Removing Melted Plastic
So what else went wrong for me, culinary-wise? Let’s see. I baked a lemon-olive sourdough quickbread, which usually doesn't give me any trouble but this time came out looking like loaf-shaped regurgitated matter—and, much to my unease, seems to feel and taste the way it looks; though, rest assured, I’m not positive of the latter, having never had first-hand experience with such. Though, thanks to Edward, I have *seen* my fair share of regurgitated matter, as well as the re-eating of said matter, if I don’t move fast enough). Okay, so I think I've established a suitably gross mood to match the foul quickbread I had somehow brought forth into this world, and which I have been dutifully eating with the help of *loooong* toastings, bits of melted cheese, and other disguises. I don’t throw food away ever, unless I suspect an extreme reaction upon ingestion, like my death. I have some sense.
Then the other day, I was trying to tip out some of the thin fluid that inevitably separates from the yogurt (I don't remember this happening with yogurt in America, but then I never ate plain yogurt in America either)--even though a food scientist on TV reassured me once that this liquid is full of some nutritional element that in Japanese becomes a word I could never hope to retain in my memory or translate into even a semblance of English--when the entire mass of yogurt shot out of the carton and hit the floor. Thankfully, I happened to be sitting on the floor at the time (long uninteresting explanation) and the yogurt didn't have very far to fly. Also, plain yogurt in Japan is quite firm, and thus it didn’t spew everywhere so much as glop en masse. Still, surprise and dismay caused a chilling screech to issue forth from somewhere within me, startling Edward and traveling out the window to effectively silence a group of children frolicking below—have I mentioned how nothing hurts me more than wasted food?
But the pinnacle of all my kitchen trials began with an innocent, bonny blue Tupperware top forgotten in the microwave. And it is really this final story that prompted me to write this post, because—yes, that’s right, children—I have a fresh cautionary tale to share, as well as more of those priceless gems of wisdom that come only upon my committing the truest acts of asininity.
It’s funny that a piffling moment of forgetfulness could have the potential to lead to brain damage, possible sterility, and/or a finger-scalding blue gel puddled on the floor of my microwave. Have I mentioned that my microwave is also an oven? It’s one of those neat space-saving inventions that are practically a basic necessity to the average Tokyo resident, who would never have room for a toaster, microwave, *and* oven—absurd! Little factoid: In the cheapest apartment buildings, there isn't even room for a communal bathroom, which is why you will sometimes see Japanese people walking along the road with a towel around their neck and toting a little basket of toiletries as they head to/from the public baths.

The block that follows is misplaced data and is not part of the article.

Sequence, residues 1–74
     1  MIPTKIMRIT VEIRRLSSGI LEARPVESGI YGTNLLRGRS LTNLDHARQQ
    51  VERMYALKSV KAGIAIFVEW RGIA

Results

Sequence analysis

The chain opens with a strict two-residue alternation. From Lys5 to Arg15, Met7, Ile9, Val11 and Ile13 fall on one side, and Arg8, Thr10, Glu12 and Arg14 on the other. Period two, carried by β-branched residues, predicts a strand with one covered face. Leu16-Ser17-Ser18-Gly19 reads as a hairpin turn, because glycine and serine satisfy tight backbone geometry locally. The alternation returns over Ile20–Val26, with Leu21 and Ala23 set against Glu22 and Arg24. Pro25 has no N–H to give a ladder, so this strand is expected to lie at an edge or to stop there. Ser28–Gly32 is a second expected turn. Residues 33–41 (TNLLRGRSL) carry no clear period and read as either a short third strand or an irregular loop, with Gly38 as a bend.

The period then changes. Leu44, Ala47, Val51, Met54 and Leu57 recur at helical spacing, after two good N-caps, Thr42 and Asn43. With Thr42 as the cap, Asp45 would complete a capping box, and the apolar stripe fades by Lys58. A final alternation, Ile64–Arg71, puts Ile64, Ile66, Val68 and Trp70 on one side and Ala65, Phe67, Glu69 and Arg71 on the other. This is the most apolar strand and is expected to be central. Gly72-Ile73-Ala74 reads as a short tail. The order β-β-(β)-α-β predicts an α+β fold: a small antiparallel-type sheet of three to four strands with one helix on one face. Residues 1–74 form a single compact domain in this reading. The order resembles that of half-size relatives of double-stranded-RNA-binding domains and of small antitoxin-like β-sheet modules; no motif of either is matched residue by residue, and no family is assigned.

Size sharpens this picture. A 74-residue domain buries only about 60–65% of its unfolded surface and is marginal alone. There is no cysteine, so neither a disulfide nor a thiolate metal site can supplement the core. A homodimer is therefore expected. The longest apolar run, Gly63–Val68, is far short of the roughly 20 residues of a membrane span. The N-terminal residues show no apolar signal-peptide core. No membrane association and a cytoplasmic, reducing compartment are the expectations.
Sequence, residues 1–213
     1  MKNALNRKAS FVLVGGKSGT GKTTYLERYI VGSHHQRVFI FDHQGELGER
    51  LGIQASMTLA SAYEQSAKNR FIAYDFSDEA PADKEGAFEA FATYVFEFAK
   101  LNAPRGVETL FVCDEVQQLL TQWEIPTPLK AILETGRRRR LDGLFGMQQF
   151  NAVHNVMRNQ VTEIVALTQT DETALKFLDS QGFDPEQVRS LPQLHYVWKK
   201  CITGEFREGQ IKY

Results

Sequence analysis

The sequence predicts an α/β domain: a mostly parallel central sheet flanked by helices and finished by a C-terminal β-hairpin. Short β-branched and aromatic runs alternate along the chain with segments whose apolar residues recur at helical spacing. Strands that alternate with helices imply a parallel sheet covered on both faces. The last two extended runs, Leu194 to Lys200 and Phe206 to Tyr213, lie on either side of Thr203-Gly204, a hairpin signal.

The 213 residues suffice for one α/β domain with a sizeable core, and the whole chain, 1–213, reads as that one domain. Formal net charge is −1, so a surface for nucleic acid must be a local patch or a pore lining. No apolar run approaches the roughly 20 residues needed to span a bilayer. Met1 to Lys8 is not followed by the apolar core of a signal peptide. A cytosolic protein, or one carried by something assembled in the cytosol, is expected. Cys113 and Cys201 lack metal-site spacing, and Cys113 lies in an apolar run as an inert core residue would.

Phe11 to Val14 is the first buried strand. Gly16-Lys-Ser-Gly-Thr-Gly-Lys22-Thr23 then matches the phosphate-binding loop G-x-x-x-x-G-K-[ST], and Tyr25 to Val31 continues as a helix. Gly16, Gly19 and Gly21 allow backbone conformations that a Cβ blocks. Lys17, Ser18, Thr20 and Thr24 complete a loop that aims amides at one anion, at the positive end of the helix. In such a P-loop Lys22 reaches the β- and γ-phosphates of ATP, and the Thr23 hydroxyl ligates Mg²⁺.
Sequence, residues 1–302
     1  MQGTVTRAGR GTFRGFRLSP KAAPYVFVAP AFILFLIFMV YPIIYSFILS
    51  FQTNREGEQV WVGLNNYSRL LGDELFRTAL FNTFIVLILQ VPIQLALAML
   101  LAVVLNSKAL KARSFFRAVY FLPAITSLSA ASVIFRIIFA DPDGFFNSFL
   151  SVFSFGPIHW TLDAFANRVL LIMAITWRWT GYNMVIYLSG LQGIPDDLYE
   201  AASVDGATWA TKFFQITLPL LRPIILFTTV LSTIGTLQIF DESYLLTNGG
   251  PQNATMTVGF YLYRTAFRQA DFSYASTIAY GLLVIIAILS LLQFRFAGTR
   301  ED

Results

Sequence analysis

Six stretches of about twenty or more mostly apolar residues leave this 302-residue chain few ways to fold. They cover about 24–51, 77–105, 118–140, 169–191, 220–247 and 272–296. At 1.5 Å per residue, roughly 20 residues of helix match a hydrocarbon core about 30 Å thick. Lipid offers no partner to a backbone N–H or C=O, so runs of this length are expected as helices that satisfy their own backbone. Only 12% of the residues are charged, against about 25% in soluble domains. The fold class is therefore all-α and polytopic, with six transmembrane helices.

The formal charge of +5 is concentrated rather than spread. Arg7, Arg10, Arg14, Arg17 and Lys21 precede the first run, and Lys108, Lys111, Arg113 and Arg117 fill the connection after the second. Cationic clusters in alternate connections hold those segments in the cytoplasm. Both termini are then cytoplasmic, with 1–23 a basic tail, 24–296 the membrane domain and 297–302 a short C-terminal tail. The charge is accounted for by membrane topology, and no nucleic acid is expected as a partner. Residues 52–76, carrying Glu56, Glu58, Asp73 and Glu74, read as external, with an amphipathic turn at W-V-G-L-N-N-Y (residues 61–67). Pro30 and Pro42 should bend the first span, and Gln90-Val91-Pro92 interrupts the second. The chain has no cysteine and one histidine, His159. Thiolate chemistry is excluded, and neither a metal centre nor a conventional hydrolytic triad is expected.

Anyhow, as much as I dearly love my oven-microwave, there are certain unavoidable setbacks. For example, after using the oven setting, the microwave quite staunchly refuses to operate until the oven’s interior has cooled down to an acceptable temperature. Well, another example would be if, say, some idiot leaves a Tupperware lid in the microwave and then later decides to pre-heat the oven to a very high temperature to bake what will later turn out to be painfully salty bread, never seeing the plastic lid (somewhat excusable if this idiot were short of stature and the oven was set quite high up, like on top of the fridge) as she walks away and buries herself in work until 20 minutes later, when she opens the oven door and is greeted by a grey cloud and stinky fumes, which she suddenly realizes have begun to permeate the room and whose origin is a Windex-blue puddle that the idiot slowly realizes was once a forgotten Tupperware lid.
But now you are caught, you are intrigued by this example I have supplied. Your mind is abuzz with questions, namely: What would be the best way to remove melted Tupperware from the floor of a microwave?
How to remove melted Tupperware:
- Do a frantic Google search.
- Following the instructions of some guy on the first website you come across, snatch up a wooden spoon and try to scrape up the mess.
- Observe that the mess is a lot more liquid in consistency than it first appeared and that the wooden spoon has done nothing but paint pretty swirls through the blue goo.
- Note grimly that you missed the part where the guy breezily tells you to throw away your now-ruined wooden spoon. He doesn’t know how much you hate throwing perfectly good things away; it's not the wastrel's fault.
- Realize that as the plastic cools, one of two things might happen. The plastic might turn into a malleable sheet that will easily peel off the oven floor. Or, the plastic will fuse itself to the oven and will have to be re-melted, meaning: more toxic fumes, additional brain damage, and further increased chances of sterility (not that you're absolutely dead-set on having children, but, you know, burning bridges and all that).
- Scan kitchen utensils and triumphantly seize meat cleaver.
- Wield cleaver like car windshield squeegee thingy, carefully drawing melted plastic toward the edge where you hold a wad of paper towels to sort of scoop everything up—careful, that stuff is hot; not that I burnt my fingers or anything, but this is what I as a sensible person would assume.
- When the majority of the plastic is scraped off, finally, use a pot scrubby thingy to buff of any remaining residue.
- Proudly examine floor of microwave, which is now looking cleaner than it has in a very long time.